Yeah. And Graham came and Verhoogen and, well, I did a lot of the organization for telling him should be invited, and I kept on saying to him, "We should invite these people from the oil companies who are supposed to have worked on this field in the 1930s," and it was very difficult. Of course the oil companies were very reticent about their results. It was very difficult to find out who we should invite. But we did eventually invite a man from the Sperry Gyroscope Company in Long Beach, and they'd got a spino [?] magnetometer, and they did contract work for the oil companies, and I think they were really the pioneers in this technique of orienting bore cores. And the man who came and talked was rather an engineer, a technician, and he gave quite an interesting talk, and afterwards I of course questioned him, and I said to him, "Why is this work tailed off?" and he said, "Oh well, we did a lot of work once with the oil companies, but in the end they said that the results that came from this technique were not sufficiently reliable to make it worth their while to routinely measure magnetization of specimens. And you know I pressed him and I said, "Well, can you give us any idea of how often the method is successful in orienting?" and he said, "Well, perhaps (???) four." Of course oil companies would be looking at tertiary rocks, you see, and many tertiary rocks we'd already known. Many tertiary sediments were unstable and had become magnetized along the present field —

Doel:

Right.

Runcorn:

— and but of course if reversals actually occurred, which they did, many rocks would be reversely magnetized. But overprinting [?] in the direction of the present earth's field was (???) uses, but it was what gave them good results, you see. And so it accounted for the fact that this method sometimes worked. And then in the questioning I asked him about whether any examples of strongly magnetized rocks which gave completely mysterious results, and he said yes, there was a red sandstone that the oil companies drilled in Wyoming, and it happened that I had done a lot of work on the (???) Formation in Wyoming, and re-magnetizations [?] pointed just west of south, and they were, the angle of magnetic depth was small. So of course he didn't know what the rocks were, but he said they were red sandstones from Wyoming, so I guess they were. And so I said, "And you found they were magnetized strongly?" and he said, "Yes, the oil company said that our orientations were wildly wrong," and so I said, "Well, what happened?" and he said, "Well, the oil companies finally sent us samples that they'd collected from an outcrop, oriented samples, and we measured them and the magnetizations were quite wrong. They were just west of south, you see.

Doel:

Mm-hmm [affirmative].

Runcorn:

And it was very interesting, because the people in the oil companies were taking the view of the Sperry Gyroscope Company that magnetizations (???) due north. The geologists in this oil company said this orientation was obviously quite wrong, but no one questioned the possibility that the earth's field had pointed in an entirely different direction in the past. And it seems extraordinary now, but then I kind of tried to explain to this man that we had come to, at that stage, to believe in polar wandering and so on, but he'd been on the job so long that he couldn't understand that the earth's field pointed in any other direction than approximately due north. And it struck me you see that that of course explained why the oil companies had put a lot of effort out on stage but from the limited view of orienting rocks had then given it up when it didn't work.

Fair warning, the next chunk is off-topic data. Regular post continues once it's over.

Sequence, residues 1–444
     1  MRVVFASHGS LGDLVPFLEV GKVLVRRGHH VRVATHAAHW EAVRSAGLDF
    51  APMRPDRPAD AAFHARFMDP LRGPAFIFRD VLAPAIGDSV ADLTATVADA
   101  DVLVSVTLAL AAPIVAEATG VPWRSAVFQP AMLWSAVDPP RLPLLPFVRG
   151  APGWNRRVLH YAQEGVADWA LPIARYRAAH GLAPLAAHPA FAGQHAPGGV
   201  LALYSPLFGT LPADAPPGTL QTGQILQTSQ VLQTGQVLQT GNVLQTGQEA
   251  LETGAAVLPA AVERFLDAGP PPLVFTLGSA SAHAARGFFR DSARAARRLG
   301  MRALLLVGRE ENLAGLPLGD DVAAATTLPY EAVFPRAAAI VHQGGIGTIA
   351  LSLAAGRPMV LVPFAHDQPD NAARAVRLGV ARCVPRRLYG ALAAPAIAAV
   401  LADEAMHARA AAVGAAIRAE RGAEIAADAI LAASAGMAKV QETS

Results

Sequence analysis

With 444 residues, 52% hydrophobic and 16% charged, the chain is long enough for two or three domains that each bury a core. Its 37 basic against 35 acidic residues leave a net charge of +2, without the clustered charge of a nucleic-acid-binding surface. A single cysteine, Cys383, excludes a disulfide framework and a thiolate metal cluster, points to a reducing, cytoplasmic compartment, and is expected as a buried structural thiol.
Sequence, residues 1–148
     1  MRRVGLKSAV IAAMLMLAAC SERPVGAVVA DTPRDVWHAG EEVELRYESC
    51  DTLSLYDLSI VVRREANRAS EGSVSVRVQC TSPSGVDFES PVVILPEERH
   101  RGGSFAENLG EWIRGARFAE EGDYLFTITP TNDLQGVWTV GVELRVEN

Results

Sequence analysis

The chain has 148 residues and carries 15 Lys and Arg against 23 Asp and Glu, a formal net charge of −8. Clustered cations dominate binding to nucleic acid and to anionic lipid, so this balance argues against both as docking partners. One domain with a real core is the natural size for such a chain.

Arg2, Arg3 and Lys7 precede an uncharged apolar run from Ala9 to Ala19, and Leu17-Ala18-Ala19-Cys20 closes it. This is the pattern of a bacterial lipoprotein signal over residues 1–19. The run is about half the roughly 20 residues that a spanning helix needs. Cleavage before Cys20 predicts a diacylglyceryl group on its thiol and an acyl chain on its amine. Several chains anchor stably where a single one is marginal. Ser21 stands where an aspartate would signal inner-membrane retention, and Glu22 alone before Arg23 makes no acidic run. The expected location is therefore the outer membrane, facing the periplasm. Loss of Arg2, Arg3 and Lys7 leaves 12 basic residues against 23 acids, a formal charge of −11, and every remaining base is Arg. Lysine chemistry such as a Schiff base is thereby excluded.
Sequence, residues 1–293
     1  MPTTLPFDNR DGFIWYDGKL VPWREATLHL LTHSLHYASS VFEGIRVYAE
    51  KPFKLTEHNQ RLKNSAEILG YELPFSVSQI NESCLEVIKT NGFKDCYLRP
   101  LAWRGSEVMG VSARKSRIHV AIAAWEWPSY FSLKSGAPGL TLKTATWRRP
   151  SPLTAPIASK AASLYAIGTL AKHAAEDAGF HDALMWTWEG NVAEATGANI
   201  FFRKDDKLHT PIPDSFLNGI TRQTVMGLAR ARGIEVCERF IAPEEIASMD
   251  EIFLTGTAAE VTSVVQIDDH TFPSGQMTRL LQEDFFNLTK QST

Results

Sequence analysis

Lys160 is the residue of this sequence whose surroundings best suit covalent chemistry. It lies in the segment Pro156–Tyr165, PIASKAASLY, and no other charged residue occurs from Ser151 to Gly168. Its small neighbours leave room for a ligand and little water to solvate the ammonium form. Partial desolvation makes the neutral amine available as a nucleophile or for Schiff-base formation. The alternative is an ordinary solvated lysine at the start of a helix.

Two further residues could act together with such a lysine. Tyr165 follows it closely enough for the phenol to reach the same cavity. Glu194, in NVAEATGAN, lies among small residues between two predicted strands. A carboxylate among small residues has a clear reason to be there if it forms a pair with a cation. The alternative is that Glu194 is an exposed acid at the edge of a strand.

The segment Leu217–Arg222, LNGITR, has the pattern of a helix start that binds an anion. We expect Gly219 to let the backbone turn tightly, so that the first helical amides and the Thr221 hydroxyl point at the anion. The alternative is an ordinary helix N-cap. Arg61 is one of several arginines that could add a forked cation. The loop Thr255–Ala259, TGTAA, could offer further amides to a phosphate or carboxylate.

Doel:

Okay.

Runcorn:

There was a younger man from, originally from Newcastle who had done mining, a mining engineer, Brookshire [?], who was really in charge of geophysics at the geological survey. And two older geologists, Hallamand [?] and Femester [?], who'd been interested in the 1930s in whether geophysical methods could be useful in geological surveying. And for example Hallamand and his colleague Femester had taken the (???) survey over the (???) in (???) and shown it was reversely magnetized. But of course the meaning of that was beyond them at that time.

Doel:

Was it simply regarded as an anomaly, or was it just regarded —?

Runcorn:

A fact. Yes. And but their help to us was partly loaning us (???) their (???). And partly of course helping us to understand some of the pitfalls in measuring such small magnetic fields. And you had to, you know, in using these magnetometers you had to make sure that you were carrying no iron. Even small iron objects produced magnetic fields of many gammas. And so on the one hand the work we were doing interested physicists, people like Blackett of course, but also other leading physicists that kind of thought this is very interesting — a new branch of physics is being developed. I mean I remember my friend, I mentioned one person who was professor at Liverpool and he was a friend of mine at school, he was then just taking his Ph.D. at Liverpool, he had been in (???) and I visited him and Chadwick had just come back from the American Atomic Modern [?] Project and of course my friend, Brian College [?], said, "You must meet the great Sir James Chadwick," and I remember it quite clearly at tea, and Chadwick said, "What are you doing?" and so I explained these mine experiments and he listened and he obviously found it very interesting. Because it was new, you know. And there was — I had said to Henry Frankel that the atmosphere in Britain at the time was, you know, the leading physicists were keen that fundamental physics should start again after the war, and were very helpful to anyone who was investigating new directions. And so — and then of course as you know, we began to be interested in the magnetism of rocks.